To raise chicks the standard way, you need a brooder set up in a secure place, away from heavier animals, which could trample the chicks, and vegetables, which the chicks could devour. But making sure the chicks are secure can be very expensive and time-consuming. One day, a hen decided to show up with a group of chicks on the front lawn. Without a brooder or any kind of shelter set up, Drew had to improvise. He grabbed a metal cover from a broken dishwasher and put it in an enclosed garden, where fences shielded his vegetable plantings from hungry deer and raccoons. Not only did the chicks survive—they actually did extremely well. Now, two enclosed gardens serve as home to many of the Piaschyks’ baby chicks.
An added benefit of using foster hens? Pest control. Like most mothers in the animal kingdom, the hens teach their brood how to forage for food. Not only does this reduce the farmer’s feed costs significantly, it also presents an opportunity to get rid of infestations. “One chick saw me turning up soil,” Drew says, “and pretty soon I had three chicks following me around, learning to eat slugs and other pests their mother wasn’t training them to eat.” When two groups of chicks learned about the Japanese beetle infestation in the asparagus patch, Drew went out in the early morning when it was still cold and knocked the beetles onto the ground for the chicks’ breakfast. The birds also seemed to enjoy weed sprouts. Their favorites were chickweed (“Maybe that’s why they call it chickweed,” Drew quips) and lamb’s quarters.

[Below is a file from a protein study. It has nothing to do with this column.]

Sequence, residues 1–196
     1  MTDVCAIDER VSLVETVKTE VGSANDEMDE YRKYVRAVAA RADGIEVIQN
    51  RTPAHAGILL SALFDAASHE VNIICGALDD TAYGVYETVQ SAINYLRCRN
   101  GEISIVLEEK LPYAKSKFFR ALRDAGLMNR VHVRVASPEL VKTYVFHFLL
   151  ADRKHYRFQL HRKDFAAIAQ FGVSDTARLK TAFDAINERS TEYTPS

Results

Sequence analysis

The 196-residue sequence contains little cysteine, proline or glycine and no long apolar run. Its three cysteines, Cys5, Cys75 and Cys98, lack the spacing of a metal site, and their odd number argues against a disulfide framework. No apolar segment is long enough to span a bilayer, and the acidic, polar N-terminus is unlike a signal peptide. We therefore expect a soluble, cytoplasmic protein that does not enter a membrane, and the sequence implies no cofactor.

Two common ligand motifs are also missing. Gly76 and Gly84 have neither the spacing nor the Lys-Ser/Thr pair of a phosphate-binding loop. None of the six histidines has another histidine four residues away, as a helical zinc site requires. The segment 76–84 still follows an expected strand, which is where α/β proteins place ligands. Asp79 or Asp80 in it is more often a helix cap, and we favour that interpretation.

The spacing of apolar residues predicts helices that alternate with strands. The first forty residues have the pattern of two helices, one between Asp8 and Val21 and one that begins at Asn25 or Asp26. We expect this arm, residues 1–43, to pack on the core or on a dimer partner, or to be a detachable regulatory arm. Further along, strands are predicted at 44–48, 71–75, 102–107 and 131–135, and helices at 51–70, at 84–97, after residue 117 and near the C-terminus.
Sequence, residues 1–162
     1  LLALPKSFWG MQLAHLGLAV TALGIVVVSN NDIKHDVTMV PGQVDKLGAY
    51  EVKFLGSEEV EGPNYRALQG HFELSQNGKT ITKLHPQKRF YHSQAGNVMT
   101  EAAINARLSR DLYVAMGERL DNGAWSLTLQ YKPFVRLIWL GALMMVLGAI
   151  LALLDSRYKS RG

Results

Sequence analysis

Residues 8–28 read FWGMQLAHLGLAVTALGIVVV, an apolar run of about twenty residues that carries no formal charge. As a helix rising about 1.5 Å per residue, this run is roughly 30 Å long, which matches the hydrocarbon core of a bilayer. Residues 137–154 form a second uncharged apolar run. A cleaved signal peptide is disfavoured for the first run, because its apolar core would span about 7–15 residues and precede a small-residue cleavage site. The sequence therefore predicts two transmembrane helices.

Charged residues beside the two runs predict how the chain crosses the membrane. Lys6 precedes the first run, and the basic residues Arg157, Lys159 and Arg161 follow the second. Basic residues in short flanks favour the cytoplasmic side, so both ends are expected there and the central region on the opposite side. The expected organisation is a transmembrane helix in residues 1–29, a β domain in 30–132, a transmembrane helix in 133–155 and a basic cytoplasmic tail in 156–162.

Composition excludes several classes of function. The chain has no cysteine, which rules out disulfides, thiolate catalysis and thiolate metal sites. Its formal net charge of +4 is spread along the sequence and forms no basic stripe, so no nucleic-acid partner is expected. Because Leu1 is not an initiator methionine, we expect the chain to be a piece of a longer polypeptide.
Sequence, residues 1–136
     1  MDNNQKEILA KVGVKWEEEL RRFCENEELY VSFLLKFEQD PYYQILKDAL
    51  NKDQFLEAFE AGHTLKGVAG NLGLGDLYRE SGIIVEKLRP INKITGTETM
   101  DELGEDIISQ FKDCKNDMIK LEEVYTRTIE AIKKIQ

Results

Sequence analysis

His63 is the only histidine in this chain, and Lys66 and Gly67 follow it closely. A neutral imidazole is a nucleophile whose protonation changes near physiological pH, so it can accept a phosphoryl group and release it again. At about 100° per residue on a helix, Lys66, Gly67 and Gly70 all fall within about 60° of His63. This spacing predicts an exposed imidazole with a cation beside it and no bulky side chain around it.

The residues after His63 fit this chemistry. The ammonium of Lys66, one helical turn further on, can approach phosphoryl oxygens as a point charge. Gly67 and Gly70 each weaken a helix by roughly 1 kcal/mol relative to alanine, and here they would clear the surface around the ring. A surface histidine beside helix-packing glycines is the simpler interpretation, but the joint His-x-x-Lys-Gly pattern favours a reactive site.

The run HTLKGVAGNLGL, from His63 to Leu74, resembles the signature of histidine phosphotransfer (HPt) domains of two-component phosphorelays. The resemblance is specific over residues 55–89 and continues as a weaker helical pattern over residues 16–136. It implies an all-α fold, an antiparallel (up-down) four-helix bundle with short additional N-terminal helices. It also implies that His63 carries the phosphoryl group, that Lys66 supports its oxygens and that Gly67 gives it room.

Chicks learn from their foster mother to eat slugs and other pests in the garden. Courtesy of Elizabeth Rosen. 

One reason the Piaschyks’ SARE project was so successful may have been that they focused on a very simple idea that was easy to implement. If you’re considering applying for a SARE Farmer grant, think specific rather than large-scale. “The ideas I’ve seen funded are small, practical and can be applied immediately,” Drew says. And whether your project is big or small, be able to explain your expected results. Once you finish the project, you’ll have to do outreach, whether that means giving presentations, writing articles, or reaching out directly to other farmers.

This article discusses SARE grant FNE08-645. To view the final report, visit mysare.sare.org/mySARE/ProjectReport.aspx?do=viewProj&pn=FNE08-645 For more information, contact Drew Piaschyk at lambsqfarm@frontiernet.net.

Side Bar:
Upcoming SARE Grant Deadlines
Sustainable Community Grants – Due late fall/early winter